The Company leases administrative facilities under operating leases. Lease agreements may include rent holidays, rent escalation clauses and tenant improvement allowances. In February 2016, FASB issued ASU 2016-02, Leases (Topic 842). ASU 2016-02 requires lessees to recognize a lease liability and a right-of-use asset for all leases, with the exception of short-term leases, at the commencement date. This guidance is effective for annual reporting periods beginning after December 15, 2018, including interim periods within those annual periods. Subsequently, in July 2018, the FASB issued ASU 2018-11, Lease (Topic 842): Targeted Improvements, which provides a number of practical expedients in transition. The Company adopted ASU 2016-02 effective January 1, 2019 and elected a package of practical expedients and the new transition approach permitted by ASU 2018-11. ASU 2018-11 allows the Company not to reassess existing identification of a lease, classification of a lease or any initial direct costs. The Company has also elected to use the hindsight practical expedients. The adoption did not have a material impact on the Company’s consolidated financial statements, resulted in an approximate $43,000 increase in total assets and total liabilities in our consolidated balance sheet and did not have any effect on our accumulated deficit at the beginning of 2019. See Note 13, Commitments and Contingent Liabilities for further information.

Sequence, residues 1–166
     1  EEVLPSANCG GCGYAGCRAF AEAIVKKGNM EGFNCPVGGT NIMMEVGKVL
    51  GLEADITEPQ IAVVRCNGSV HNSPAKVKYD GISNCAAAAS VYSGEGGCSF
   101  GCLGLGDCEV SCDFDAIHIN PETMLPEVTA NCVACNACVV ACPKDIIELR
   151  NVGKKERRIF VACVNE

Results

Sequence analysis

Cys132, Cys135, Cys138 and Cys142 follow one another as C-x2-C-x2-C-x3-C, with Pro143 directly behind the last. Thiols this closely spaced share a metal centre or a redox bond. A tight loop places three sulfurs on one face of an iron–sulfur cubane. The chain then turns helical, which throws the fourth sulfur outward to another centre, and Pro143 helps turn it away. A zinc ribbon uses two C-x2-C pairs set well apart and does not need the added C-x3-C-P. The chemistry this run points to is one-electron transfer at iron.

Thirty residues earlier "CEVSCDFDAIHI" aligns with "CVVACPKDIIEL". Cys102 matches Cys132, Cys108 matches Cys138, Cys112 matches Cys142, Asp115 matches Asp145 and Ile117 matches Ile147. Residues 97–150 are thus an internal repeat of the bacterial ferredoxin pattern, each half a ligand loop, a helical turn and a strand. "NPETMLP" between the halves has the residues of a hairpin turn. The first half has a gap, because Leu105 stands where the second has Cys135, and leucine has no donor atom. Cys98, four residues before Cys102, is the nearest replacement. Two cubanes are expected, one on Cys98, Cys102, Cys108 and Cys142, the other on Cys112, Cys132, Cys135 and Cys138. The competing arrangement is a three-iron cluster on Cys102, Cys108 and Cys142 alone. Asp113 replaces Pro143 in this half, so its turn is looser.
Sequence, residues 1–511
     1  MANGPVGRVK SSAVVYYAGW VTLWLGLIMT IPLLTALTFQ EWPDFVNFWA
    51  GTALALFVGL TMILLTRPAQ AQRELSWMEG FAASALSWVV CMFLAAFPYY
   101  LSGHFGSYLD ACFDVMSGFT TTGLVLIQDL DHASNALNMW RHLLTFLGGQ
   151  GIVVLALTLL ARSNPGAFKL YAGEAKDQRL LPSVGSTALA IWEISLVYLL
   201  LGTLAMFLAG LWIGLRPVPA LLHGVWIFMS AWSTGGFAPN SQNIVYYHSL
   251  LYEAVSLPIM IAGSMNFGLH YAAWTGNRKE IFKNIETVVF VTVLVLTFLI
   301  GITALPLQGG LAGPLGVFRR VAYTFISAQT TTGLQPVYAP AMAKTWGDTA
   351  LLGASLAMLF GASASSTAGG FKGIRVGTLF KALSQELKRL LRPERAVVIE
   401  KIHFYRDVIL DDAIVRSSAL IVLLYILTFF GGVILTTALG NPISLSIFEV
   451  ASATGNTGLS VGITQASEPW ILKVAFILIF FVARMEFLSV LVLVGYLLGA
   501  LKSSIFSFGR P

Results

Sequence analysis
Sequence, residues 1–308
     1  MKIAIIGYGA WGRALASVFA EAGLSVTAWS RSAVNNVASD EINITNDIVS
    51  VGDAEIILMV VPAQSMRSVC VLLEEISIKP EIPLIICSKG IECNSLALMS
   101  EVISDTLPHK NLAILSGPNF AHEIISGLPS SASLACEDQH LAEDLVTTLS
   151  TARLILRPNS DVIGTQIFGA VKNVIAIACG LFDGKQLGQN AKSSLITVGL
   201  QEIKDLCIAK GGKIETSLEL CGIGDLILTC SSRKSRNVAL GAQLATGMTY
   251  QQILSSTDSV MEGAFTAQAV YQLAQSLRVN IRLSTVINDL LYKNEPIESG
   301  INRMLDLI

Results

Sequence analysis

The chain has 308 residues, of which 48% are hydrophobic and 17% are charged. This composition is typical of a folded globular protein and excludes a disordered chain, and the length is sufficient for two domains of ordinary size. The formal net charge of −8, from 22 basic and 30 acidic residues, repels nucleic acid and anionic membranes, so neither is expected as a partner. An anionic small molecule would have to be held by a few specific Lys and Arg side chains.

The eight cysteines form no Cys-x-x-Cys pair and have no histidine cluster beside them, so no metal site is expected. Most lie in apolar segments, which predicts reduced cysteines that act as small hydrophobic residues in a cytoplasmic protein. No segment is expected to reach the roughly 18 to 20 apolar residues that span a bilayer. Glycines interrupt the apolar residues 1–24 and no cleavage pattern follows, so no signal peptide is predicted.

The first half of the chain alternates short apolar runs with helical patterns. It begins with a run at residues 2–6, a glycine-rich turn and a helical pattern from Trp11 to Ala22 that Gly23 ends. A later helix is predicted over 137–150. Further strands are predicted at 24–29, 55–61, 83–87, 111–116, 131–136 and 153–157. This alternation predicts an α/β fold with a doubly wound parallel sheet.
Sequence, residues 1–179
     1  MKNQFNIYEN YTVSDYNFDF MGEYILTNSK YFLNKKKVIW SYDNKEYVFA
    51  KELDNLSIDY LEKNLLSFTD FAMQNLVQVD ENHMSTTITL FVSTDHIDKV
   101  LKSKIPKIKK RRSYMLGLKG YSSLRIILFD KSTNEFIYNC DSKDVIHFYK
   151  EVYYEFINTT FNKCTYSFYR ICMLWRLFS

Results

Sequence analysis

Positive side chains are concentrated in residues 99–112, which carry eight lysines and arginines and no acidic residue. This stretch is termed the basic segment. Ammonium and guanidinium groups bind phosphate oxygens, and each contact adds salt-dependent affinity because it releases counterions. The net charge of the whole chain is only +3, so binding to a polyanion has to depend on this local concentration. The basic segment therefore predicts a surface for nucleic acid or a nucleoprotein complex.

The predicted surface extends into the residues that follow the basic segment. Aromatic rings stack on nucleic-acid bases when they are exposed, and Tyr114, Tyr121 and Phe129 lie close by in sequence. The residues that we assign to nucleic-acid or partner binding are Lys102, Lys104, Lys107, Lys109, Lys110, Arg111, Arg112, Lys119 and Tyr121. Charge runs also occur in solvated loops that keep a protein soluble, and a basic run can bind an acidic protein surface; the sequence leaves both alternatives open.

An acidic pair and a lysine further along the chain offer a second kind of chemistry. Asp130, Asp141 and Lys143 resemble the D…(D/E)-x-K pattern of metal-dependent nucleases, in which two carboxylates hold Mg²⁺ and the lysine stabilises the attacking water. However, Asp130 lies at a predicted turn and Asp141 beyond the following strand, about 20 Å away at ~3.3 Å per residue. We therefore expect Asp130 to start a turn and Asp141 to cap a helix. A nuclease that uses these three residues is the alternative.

The Company has a history of engaging in acquisition transactions that require the Company to evaluate whether the transaction meets the criteria of a business combination and, in some cases, whether it meets the definition of a reverse merger. If the transaction does not meet the business combination requirements, the transaction is accounted for as an asset acquisition or recapitalization and no goodwill is recognized. If the acquisition meets the definition of a business combination, the Company allocates the purchase price, including any contingent consideration, to the assets acquired and the liabilities assumed at their estimated fair values as of the date of the acquisition with any excess of the purchase price paid over the estimated fair value of net assets acquired recorded as goodwill. The fair value of the assets acquired and liabilities assumed is typically determined by using either estimates of replacement costs or discounted cash flow valuation methods.